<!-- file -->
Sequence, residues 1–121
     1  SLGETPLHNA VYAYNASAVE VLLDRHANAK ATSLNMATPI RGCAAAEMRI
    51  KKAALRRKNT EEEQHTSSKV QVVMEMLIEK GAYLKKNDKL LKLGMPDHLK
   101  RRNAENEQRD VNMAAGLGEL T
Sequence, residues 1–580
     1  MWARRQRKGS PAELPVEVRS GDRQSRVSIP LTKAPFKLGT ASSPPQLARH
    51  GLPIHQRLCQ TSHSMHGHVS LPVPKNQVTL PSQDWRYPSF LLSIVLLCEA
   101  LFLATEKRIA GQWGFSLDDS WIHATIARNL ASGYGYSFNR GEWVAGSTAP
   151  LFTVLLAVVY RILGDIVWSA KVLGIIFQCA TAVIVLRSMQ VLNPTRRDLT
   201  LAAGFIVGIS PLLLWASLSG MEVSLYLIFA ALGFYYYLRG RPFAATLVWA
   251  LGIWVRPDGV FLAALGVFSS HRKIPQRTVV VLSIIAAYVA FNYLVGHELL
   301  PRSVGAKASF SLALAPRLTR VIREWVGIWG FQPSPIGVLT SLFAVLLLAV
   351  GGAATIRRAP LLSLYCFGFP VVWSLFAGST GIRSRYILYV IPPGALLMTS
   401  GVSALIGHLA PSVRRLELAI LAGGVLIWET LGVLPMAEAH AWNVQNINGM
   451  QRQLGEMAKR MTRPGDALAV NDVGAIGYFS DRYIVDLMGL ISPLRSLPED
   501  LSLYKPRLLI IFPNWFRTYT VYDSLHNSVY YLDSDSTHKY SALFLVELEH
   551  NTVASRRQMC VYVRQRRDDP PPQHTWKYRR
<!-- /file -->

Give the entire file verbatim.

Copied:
Sequence, residues 1–121
     1  SLGETPLHNA VYAYNASAVE VLLDRHANAK ATSLNMATPI RGCAAAEMRI
    51  KKAALRRKNT EEEQHTSSKV QVVMEMLIEK GAYLKKNDKL LKLGMPDHLK
   101  RRNAENEQRD VNMAAGLGEL T
Sequence, residues 1–580
     1  MWARRQRKGS PAELPVEVRS GDRQSRVSIP LTKAPFKLGT ASSPPQLARH
    51  GLPIHQRLCQ TSHSMHGHVS LPVPKNQVTL PSQDWRYPSF LLSIVLLCEA
   101  LFLATEKRIA GQWGFSLDDS WIHATIARNL ASGYGYSFNR GEWVAGSTAP
   151  LFTVLLAVVY RILGDIVWSA KVLGIIFQCA TAVIVLRSMQ VLNPTRRDLT
   201  LAAGFIVGIS PLLLWASLSG MEVSLYLIFA ALGFYYYLRG RPFAATLVWA
   251  LGIWVRPDGV FLAALGVFSS HRKIPQRTVV VLSIIAAYVA FNYLVGHELL
   301  PRSVGAKASF SLALAPRLTR VIREWVGIWG FQPSPIGVLT SLFAVLLLAV
   351  GGAATIRRAP LLSLYCFGFP VVWSLFAGST GIRSRYILYV IPPGALLMTS
   401  GVSALIGHLA PSVRRLELAI LAGGVLIWET LGVLPMAEAH AWNVQNINGM
   451  QRQLGEMAKR MTRPGDALAV NDVGAIGYFS DRYIVDLMGL ISPLRSLPED
   501  LSLYKPRLLI IFPNWFRTYT VYDSLHNSVY YLDSDSTHKY SALFLVELEH
   551  NTVASRRQMC VYVRQRRDDP PPQHTWKYRR